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Plastic presents a difficult but necessary to address challenge for the world's oceans. Photo courtesy of United States Coast Guard

By Herb Herman

“The charmed ocean’s pausing, the waves lie still and gleaming, and the lulled winds seem dreaming,” wrote Lord Byron, an 18th-century British poet.

Yet is our ocean, in which scientists estimated in 2014 that there are 5.25 trillion pieces of plastic debris, still charmed? Of that, 269,000 tons float on the surface, while some 4 billion plastic microfibers per square kilometer litter the deep sea. The United Nations estimated in 2006 every square mile of ocean contains 46,000 pieces of floating plastic. According to a University of Georgia study, about 19 billion pounds of plastic trash winds up in our oceans each year.

Durability is one of plastic’s chief properties, which is the reason plastics present a seemingly endless threat to the marine environment. And the oceans are not the only repository of pollutants. Approximately 40 percent of the lakes in America are too polluted for fishing, aquatic life, or swimming. More than 1 million seabirds and 100,000 sea mammals are killed by plastic pollution every year.

One of the main culprits of this high level of ocean, lake and river pollution is from industrial sources, an abundant source of plastics in various forms. Further contributors to pollution are municipalities’ garbage, a significant quantity of which ends up in our waterways. But boaters are not by any means innocent. Virtually all boaters have plastic bottles, Styrofoam cups, plastic wrappers and more onboard. Much of this detritus finds its way overboard instead of into designated garbage bags, which should be removed when departing a boat. Remember, plastics are not degradable. And while plastic bags and other items may be labeled as biodegradable, in most cases they will only break down at temperatures over 50 degrees Celsius, a temperature not normally reached in the ocean.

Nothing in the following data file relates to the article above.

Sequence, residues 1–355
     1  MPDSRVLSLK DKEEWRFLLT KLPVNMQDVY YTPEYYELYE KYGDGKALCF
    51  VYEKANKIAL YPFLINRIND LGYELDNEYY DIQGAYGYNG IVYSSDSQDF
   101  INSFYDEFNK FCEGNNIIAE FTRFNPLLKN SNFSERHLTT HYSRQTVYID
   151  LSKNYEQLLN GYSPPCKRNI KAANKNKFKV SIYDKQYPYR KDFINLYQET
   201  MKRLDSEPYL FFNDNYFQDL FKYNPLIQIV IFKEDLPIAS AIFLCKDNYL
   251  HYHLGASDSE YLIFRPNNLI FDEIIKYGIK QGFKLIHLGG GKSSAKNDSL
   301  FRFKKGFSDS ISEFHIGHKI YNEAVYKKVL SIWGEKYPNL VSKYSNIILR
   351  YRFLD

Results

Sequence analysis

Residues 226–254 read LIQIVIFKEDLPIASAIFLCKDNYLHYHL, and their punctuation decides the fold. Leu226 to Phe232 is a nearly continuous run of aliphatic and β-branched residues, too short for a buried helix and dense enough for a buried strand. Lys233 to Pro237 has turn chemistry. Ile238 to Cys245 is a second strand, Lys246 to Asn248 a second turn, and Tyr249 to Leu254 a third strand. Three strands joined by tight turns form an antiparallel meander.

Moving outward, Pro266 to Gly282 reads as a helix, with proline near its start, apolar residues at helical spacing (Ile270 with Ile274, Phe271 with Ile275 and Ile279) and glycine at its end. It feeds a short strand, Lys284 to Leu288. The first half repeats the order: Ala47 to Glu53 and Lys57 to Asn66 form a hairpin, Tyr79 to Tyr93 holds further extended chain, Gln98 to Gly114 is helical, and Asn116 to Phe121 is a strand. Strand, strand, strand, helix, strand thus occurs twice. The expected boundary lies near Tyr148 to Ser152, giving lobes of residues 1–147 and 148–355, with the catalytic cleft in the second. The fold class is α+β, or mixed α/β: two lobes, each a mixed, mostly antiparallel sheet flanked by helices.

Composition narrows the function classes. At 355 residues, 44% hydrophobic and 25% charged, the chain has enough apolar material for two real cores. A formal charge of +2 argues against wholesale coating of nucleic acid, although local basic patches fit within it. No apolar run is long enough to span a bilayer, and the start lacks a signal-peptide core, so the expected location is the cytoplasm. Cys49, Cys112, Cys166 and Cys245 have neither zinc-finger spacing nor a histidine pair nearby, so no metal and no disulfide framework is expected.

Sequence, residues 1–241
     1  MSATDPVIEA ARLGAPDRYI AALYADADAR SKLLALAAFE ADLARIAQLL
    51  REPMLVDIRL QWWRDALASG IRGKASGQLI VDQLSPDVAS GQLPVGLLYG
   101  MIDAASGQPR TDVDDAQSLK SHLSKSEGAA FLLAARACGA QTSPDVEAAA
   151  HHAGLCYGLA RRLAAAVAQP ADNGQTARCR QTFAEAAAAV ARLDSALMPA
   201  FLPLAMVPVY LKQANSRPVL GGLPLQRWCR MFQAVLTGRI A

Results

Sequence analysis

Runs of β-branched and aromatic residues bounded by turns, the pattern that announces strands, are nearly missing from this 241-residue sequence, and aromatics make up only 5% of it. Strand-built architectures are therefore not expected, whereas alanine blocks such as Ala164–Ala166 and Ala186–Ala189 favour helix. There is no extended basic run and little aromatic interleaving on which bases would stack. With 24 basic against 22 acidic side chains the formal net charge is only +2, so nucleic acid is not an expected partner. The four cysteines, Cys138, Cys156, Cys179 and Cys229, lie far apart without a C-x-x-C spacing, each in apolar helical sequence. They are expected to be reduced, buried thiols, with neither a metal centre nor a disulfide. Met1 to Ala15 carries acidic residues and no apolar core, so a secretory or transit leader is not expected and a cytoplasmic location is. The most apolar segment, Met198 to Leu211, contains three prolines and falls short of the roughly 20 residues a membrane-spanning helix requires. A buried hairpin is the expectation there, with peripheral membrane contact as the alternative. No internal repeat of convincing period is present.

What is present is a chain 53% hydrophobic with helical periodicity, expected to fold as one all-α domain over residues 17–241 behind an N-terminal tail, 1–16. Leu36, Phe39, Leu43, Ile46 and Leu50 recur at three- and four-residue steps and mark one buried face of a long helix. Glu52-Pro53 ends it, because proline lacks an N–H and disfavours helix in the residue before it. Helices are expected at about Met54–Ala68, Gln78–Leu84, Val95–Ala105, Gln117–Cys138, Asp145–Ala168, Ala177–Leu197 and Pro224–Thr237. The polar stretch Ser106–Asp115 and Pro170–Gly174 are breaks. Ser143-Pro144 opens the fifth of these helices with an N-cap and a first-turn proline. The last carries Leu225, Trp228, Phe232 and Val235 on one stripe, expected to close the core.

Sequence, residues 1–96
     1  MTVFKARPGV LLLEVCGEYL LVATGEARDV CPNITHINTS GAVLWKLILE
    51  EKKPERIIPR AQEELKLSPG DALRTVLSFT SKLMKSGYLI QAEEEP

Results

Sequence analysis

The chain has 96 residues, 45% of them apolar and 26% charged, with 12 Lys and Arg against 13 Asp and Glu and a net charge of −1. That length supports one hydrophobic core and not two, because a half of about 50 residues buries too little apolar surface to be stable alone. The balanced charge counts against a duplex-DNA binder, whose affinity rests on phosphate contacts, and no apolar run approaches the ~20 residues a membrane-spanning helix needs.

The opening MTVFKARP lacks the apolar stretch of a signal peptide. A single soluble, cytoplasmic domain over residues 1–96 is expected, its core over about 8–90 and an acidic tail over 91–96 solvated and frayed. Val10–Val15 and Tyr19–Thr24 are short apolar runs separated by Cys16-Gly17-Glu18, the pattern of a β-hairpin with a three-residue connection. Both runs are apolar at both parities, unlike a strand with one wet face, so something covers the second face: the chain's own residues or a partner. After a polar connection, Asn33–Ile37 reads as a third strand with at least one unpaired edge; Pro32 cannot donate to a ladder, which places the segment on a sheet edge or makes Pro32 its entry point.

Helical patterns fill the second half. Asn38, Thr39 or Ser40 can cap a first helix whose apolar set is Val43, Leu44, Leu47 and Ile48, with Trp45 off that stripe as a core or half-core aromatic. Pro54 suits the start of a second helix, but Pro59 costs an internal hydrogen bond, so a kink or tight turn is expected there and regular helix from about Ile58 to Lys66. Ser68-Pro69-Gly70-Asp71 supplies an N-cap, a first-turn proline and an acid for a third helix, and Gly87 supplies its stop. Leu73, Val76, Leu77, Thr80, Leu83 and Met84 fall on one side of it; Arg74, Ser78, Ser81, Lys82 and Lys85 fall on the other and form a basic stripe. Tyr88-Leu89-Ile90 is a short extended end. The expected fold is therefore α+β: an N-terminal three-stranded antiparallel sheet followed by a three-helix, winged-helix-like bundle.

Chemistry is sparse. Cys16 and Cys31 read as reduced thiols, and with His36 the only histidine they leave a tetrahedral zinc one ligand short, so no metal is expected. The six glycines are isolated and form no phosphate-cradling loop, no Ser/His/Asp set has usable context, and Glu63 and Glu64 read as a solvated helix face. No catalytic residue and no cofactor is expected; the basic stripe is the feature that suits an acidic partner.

Hurricane Irma resulted in an enormous number of fiberglass boat wrecks in the Florida Keys. In an effort to clean up after the hurricane, many of the boats were crushed, giving off fiberglass particulates. This airborne pollutant made many people ill, to the extent that a number of residents had to be hospitalized. There is no acceptable way to recycle fiberglass, although means for doing just that are widely sought.

Further, plastic microparticles less than 5 millimeters in size, have shown up in the stomachs of marine life. These particles can be consumed by humans, causing still not clearly understood health problems, although it is believed these toxins can cause cancer and stunt the growth of fetuses. The U.N. has further recognized the possibility of these plastic microparticles acting as vehicles for transporting diseases such as Zika and Ebola from animals to humans.

So, you might ask, why bother us, the boating public with these lectures about keeping the trash in the boat and disposing of it responsibly? It might seem that boats contribute a marginal amount of pollution. However, for example, during an average summer, Port Jefferson Harbor has almost 600 resident boats and some 6,000 transients and is a busy cruising destination from May through October. One can imagine the amount of plastic pollution this number of boats could contribute to this beautiful body of water.

“Take it with you” should be emblazoned on all boaters’ minds.

Herb Herman is the public affairs officer for the USCG Auxiliary Port Jefferson Flotilla 014-22-06. He is a distinguished professor emeritus at Stony Brook University.

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